The other day I was working on yoga school homework — writing my teaching bio (the sort of thing that might someday go on one of these pages) — and I had this fleeting, but intense moment of panic:
Me, a yoga teacher? In your dreams! Who would ever buy that?
See, the thing is:
- I haven’t been formally practicing yoga for very long (a year-and-a-half to be exact, plus the semester-long class I took in college).
- I walked into It’s All Yoga 50 pounds heavier and with exponentially less confidence and self-awareness.
- I’m firmly established as part of the IAY community as a student, not a teacher.
- I still get nervous when teaching groups.
- I don’t look like a stereotypical yoga teacher.
(Basically, my inner gremlins decided to have themselves a field day.)
I want to be a yoga teacher.
When I started this whole yoga teacher training adventure, I did not expect to like teaching. Sure, I knew that I would love immersing myself in the study of yoga philosophy and learning about how to safely contort my body into various new shapes. But teaching — I never anticipated that I would enjoy that part.
Yet somewhere around the middle of April, something shifted. I stopped thinking about teaching and I started doing it. I jumped into the deep end and discovered that I could swim. And yes, teaching is still utterly nerve-wracking, but it’s scary in that “you’re glad you did it and feel pretty awesome afterwards” kind of way.
Recently I even found myself admitting to a several friends: I would like to teach yoga.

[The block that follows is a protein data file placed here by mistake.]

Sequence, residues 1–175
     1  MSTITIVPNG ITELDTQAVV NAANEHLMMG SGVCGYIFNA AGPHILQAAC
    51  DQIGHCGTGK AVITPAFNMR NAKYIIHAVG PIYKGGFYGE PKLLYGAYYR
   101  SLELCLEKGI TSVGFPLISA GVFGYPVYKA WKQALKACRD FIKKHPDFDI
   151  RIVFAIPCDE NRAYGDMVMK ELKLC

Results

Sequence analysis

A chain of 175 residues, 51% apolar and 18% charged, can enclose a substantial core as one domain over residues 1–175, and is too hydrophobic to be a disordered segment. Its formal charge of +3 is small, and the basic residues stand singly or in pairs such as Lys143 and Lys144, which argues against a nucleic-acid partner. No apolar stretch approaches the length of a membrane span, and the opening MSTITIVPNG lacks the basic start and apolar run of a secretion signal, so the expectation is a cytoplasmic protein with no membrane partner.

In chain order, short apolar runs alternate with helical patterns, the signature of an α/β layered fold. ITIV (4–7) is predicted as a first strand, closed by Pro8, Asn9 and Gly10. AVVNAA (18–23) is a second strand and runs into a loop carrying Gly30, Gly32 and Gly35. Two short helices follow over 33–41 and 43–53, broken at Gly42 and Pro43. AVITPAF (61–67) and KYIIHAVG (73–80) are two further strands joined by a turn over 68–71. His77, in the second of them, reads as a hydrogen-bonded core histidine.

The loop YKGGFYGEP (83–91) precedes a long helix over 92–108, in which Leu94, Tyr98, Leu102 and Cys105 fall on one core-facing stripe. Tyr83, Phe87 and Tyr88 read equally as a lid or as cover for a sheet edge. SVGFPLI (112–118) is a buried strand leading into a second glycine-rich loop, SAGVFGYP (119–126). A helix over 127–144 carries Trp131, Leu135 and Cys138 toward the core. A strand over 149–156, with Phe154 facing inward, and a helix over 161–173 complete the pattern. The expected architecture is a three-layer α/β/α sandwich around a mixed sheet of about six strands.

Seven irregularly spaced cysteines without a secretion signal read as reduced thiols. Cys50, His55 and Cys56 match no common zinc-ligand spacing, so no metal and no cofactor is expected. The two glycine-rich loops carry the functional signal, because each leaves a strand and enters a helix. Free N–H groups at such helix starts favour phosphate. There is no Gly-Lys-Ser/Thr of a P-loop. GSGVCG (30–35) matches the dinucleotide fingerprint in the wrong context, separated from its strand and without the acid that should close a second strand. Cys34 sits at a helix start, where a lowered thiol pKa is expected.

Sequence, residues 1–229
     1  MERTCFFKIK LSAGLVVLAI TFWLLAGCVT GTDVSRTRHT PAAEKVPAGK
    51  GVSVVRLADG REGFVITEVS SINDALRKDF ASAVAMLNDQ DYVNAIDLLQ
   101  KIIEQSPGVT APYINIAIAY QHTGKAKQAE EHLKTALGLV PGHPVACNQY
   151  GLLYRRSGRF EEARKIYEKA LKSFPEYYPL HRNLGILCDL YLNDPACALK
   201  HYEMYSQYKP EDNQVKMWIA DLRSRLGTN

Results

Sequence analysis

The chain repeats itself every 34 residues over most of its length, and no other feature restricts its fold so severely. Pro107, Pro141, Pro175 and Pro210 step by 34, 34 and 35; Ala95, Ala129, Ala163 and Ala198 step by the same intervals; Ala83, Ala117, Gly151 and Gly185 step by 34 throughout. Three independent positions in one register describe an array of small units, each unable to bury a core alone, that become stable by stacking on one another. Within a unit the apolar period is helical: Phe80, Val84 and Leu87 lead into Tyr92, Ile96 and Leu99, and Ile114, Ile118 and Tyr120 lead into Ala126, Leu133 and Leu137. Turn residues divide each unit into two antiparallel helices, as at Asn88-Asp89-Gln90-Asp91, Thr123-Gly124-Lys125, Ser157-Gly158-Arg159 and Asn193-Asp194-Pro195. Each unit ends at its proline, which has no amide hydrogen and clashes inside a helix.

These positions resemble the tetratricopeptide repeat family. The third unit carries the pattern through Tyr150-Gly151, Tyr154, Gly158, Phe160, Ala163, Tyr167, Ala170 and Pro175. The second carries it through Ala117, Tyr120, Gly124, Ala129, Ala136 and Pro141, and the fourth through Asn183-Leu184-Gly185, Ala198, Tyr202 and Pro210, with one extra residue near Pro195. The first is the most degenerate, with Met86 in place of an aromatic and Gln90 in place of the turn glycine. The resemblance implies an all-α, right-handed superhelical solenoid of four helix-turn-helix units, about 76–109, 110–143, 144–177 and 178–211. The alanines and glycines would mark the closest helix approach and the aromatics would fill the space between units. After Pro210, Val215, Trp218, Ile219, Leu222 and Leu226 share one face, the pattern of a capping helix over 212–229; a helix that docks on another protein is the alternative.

Oh wait, that feeling like a fraud thing…
Despite my desire to teach, as I was writing my bio, my gremlins would tell me things like “your buddies from the yoga studio are going to read this and think — who does she think she is, an actual yoga teacher?” Or that “the IAY teachers are going to have a ball laughing at your bio — they know you’re not an actual teacher.“
I started to wonder whether I was a fraud. Whether the answer was to run away — to go start fresh at some other studio where they don’t know my back-story, where they don’t know that I’m still a yoga-newbie, where I could create this “fabulous yoga teacher persona” right off the bat.
It comes from within.
At the end of the day, it’s pretty clear to me that the only person I have to convince that I’m a “real” yoga teacher is myself. If I own that role — if I confidently present myself as the person leading class today (and that confidence is supported by a reasonable amount of skill) — if i believe that I am worthy … I cannot be a fraud. If I’m pretending to be something I’m not, we’ve got a problem.
And the thing is, there will always be a list of stories that I can tell myself about why I am not worthy of this role, but it doesn’t take much to turn those stories around and look at them from an entirely different perspective. For example:
- Whether you’ve done Downward Facing Dog 400 times or 4,000 times, it’s always going to be different. There is something new to discover each time, so in a sense, we’re all always beginners.
- I am living proof that yoga can be a transformational practice.
- I’ve gotten to know so many awesome people through the studio. I know their names and they know mine. If they see my name on the schedule, that might actually be incentive for them to show up.
- Nervousness is excitement without breath. If I remember to breathe and savor the moment, I will be good.
- I don’t look like the stereotypical yogi, but part of IAY’s culture is that yoga is for every body. How nice of me to demonstrate that fact!
And from that vantage point, it seems like I have a whole lot to offer.